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Jorge Sosa? Really?

News leaked late last week that the Mets were very close to signing blah right-handed pitcher Jorge Sosa. At the time I didn't really think much of it because I figured Omar Minaya would be signing him to a non-guaranteed minor league deal with the intention of bringing him to spring training and hope that he could be added to Minaya's growing list of "throw enough shit at the wall and some of it inevitably will stick" success stories (see: Darren Oliver circa 2006, Roberto Hernandez circa 2005).

Now most news sources are reporting that the Mets intend to sign Sosa to a major league contract worth $1.25 million. Even though the Mets are guaranteeing him that money, if he winds up pitching poorly they can always cut or trade him without having to wriggle their way out of an albatross contract.

But is Sosa any good? Historically, he certainly has not been. He owns a career ERA of 4.61 and strikeout-to-walk ratio of 5.81-to-4.23. He has also allowed 1.38 homeruns per game (nine innings) over the course of his career. Twice in five seasons he has posted homerun rates of less than one: in 2003 when it was 0.98 and in 2005, with the Braves, when it was 0.81 and his ERA was just 3.05, the best of his career by more than a run.

That 2005 season looks good on certain types of paper. His 13-3 record and solid ERA certainly *look* nice. Dig a little deeper and we see that his FIP that year was 4.53, almost a third of a run higher than the National League average of 4.22 (note: that average includes relievers, who generally have lower ERAs than starters, so Sosa's ERA relative to the league is a big misleading). He had an abnormally low (for him) homerun-per-flyball rate that season, which can be somewhat attributed to Turner Field. He'll be pitching at Shea this year, which is typically a tough park for right-handed flyball hitters, a good park for left-handed flyball hitters, and a slight pitcher's park overall.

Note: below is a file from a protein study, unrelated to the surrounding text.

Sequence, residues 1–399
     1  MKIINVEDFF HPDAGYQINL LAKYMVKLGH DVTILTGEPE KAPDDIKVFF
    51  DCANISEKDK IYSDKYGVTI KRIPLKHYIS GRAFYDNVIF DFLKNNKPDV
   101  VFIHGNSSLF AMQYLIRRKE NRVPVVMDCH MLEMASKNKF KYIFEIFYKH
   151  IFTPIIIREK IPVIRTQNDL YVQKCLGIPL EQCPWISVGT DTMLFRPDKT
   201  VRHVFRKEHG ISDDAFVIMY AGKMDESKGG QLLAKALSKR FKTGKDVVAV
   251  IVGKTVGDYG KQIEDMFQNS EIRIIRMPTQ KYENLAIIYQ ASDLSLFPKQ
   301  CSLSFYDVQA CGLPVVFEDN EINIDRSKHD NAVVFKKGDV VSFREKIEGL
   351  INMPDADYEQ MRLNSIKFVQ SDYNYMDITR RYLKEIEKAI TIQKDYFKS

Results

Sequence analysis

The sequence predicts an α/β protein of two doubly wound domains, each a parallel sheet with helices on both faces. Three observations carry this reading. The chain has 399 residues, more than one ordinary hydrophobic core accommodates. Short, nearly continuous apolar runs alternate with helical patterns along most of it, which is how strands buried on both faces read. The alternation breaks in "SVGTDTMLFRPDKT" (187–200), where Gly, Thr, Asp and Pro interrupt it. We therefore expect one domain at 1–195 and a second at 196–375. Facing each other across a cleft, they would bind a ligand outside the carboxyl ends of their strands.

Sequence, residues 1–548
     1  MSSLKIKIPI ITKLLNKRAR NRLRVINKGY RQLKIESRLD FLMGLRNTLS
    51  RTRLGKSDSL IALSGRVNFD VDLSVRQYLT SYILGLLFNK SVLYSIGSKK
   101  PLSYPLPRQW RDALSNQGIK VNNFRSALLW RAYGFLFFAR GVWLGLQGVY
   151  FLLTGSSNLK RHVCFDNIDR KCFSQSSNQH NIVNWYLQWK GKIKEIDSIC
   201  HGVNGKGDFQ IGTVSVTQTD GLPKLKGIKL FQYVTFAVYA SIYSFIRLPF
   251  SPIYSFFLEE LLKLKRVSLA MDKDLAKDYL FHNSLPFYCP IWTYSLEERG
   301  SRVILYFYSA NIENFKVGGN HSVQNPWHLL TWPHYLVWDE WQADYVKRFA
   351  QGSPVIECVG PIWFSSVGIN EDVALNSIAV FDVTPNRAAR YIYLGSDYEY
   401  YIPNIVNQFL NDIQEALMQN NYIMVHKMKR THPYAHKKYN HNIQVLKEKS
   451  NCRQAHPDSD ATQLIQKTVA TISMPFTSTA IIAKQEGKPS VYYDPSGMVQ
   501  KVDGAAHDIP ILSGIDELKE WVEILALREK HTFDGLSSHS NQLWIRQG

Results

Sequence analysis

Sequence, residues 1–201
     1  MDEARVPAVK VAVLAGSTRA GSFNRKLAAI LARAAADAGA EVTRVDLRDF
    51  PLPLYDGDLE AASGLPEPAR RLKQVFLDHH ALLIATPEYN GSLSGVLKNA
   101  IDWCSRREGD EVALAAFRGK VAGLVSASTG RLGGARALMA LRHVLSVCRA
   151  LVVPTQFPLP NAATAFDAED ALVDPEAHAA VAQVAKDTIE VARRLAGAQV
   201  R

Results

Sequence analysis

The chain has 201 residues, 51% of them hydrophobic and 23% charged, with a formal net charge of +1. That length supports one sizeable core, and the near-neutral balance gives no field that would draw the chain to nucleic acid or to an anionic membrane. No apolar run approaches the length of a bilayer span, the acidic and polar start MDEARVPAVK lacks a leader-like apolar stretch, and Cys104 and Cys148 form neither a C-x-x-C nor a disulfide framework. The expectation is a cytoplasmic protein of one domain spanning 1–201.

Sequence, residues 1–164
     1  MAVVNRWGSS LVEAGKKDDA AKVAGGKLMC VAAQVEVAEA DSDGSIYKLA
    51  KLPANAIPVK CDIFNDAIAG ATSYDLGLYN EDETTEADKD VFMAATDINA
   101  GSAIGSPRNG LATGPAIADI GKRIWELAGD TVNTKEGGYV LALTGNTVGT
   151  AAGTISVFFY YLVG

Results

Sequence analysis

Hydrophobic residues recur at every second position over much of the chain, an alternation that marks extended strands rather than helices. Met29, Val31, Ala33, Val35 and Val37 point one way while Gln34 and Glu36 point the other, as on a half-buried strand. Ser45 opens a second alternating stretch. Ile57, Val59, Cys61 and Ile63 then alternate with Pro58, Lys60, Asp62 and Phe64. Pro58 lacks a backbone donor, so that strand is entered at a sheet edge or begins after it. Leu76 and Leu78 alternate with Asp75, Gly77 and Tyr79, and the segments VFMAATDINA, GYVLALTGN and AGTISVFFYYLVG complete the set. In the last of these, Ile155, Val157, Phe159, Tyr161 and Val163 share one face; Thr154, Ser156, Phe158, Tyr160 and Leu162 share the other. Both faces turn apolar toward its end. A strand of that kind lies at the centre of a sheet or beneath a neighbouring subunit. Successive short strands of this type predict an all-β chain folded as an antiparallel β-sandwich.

Even though this is giving guaranteed money to a mediocre pitcher, the terms in both length and value of it make it far from prohibitive. I'm not sure where exactly he fits into the pitching staff's plans, though his history of pitching unspectacularly as both a starter and reliever make him more versatile than someone who was just mediocre at one or the other. The best spot for him may be as a long man/spot starter, though I was under the impression that they already had a bunch of those in guys like Dave Williams, etc.

If he can keep the ball in the park either by luck or by skill he can be at least reasonably effective, so long as Willie Randolph gives him the best opportunity to succeed. He has not been particularly effective against lefties the past three seasons, allowing a .282/.368/.519 line in 632 at-bats against southpaw-swingers. Barring injury, the Mets have plenty of one-inning-or-less guys in the bullpen in Billy Wagner, Aaron Heilman, Duaner Sanchez, Pedro Feliciano, et al, so unless the Mets plan on using him as a ROOGY, it's still not clear to me how they will get $1 million worth of baseball out of this guy.